Last updated on October 29, 2018 by

This is something I get asked about pretty often.

“My biggest struggle at this moment is mixing vocals. I have a hard time getting them to sit in the mix and still have fullness and texture.” – Howard Clark

“Some times no matter what I do to a certain instrument in a mix, I can’t get it to sit right” – Ambrose Gautier

There are lots of ways you could express this problem. Using the term ‘sit in the mix’ is just one of them.

Let me give you a common scenario:

You have an awesome song, and a decent recording.

In general the arrangement works, the instruments and parts compliment each other.

Most of it just kind of… fits.

But then there’s that one instrument or part that sounds COMPLETELY out of place.

Sometimes it’s the vocals. Sometimes it’s just one part on a particular instrument. Sometimes it’s a whole instrument itself.

And no matter what you do (EQ, compression, reverb) it just won’t ‘sit’ well with the rest of the track.

It sounds like it was recorded in another room (or even another planet).

It’s distracting. It obliterates the ‘togetherness’ of the track.

We want our mixes to sound ‘balanced’, ‘natural’ and ‘even’.

We don’t want our mixes to sound ‘disjointed’, ‘broken’ or ‘unnatural’.

When one part doesn’t gel with the rest of the track, it pops out at us and ruins the listening experience.

This is the problem we are explaining when we say we can’t get something to ‘sit in the mix’.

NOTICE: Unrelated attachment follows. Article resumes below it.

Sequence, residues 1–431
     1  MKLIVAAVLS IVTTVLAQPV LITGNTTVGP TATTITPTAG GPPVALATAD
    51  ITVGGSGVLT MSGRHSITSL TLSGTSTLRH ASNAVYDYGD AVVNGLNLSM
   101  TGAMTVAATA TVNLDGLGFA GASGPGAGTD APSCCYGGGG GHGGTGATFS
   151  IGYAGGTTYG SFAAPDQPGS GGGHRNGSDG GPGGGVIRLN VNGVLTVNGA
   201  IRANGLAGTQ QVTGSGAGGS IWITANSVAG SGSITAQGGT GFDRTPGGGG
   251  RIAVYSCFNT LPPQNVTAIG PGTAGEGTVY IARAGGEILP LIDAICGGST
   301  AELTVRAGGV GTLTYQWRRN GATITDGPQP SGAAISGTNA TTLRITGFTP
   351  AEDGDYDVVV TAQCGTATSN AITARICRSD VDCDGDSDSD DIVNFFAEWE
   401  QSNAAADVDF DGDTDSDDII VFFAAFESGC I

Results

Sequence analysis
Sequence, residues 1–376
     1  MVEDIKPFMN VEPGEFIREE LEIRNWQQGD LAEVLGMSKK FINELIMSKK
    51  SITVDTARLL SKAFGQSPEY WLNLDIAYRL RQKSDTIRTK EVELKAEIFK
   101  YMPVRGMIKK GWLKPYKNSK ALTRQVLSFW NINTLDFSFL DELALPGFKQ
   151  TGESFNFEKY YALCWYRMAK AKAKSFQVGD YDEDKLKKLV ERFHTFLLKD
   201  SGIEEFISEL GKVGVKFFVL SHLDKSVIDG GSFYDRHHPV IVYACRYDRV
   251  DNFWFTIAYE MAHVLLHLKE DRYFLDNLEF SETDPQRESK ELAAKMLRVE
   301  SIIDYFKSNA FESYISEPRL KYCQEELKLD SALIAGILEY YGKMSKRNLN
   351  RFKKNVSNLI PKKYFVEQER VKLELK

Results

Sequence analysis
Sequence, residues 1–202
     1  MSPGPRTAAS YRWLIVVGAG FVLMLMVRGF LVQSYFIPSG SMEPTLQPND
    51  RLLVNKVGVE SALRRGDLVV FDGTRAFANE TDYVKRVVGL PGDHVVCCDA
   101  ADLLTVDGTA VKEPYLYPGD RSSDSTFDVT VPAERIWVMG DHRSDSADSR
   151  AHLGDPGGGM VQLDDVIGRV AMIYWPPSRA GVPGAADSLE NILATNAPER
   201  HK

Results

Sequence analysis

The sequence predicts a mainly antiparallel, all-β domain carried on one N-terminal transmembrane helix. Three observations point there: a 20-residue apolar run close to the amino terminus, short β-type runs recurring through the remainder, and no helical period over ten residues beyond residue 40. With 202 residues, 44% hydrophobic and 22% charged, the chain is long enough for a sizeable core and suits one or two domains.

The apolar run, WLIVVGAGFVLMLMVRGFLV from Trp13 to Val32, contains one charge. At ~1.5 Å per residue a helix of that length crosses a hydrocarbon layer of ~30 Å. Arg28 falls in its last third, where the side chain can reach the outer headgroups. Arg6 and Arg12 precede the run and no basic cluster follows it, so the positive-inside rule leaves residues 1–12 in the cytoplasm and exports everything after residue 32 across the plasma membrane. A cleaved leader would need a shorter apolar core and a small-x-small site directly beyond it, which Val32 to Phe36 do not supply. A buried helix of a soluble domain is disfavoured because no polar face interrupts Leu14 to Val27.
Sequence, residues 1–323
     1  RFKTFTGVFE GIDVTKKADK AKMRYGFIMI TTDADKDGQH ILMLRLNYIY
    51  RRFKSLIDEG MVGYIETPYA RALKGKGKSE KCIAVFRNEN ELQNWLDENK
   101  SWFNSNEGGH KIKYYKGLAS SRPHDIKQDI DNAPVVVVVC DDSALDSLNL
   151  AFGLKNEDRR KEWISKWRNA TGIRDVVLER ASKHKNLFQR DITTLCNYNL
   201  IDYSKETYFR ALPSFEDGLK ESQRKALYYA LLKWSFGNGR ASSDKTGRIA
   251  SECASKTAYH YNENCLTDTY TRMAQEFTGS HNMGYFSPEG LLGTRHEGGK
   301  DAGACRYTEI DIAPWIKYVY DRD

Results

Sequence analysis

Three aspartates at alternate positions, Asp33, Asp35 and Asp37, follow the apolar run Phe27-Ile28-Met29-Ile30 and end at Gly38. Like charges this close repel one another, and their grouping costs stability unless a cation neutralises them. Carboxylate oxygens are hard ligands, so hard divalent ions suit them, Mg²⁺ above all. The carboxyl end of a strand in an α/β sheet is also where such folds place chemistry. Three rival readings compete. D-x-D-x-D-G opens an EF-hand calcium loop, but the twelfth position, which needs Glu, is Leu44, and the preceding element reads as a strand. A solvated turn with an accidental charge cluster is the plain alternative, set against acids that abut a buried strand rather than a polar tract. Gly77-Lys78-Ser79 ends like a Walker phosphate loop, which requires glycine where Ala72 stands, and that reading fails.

Today we’re going to talk about some solutions to one of the most common problems in mixing.

But before we start, make sure to grab my new eBook, Stop Mixing Vocals Wrong.

It’s my complete guide to mixing vocals at home. If you’re trying to make your vocals sound like they belong on the radio, this is the guide for you.

Grab it here, for FREE today:

 

Why does this happen?

There are a million reasons why you could be experiencing this problem.

Perhaps one part was recorded in a different acoustic environment (another room).

Perhaps the song generally has a ‘warm’, ‘dark’ sound; but one part sounds ‘sharp’ and ‘bright’.

You can think of a song as a combination of instruments with their own section or pocket in the frequency spectrum.

On the bottom end, we have the bass guitar and kick drum.

Then we have the vocals, the guitars and some of the drums.

Next we have the high register instruments and cymbals.

Each instrument has its own range of frequency that it covers and resides in.

 

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When we have too many instruments in one pocket or section, it can get busy and cramped. These instruments will then become more noticeable and will stand out in the mix, as opposed to sitting nicely in their own little section.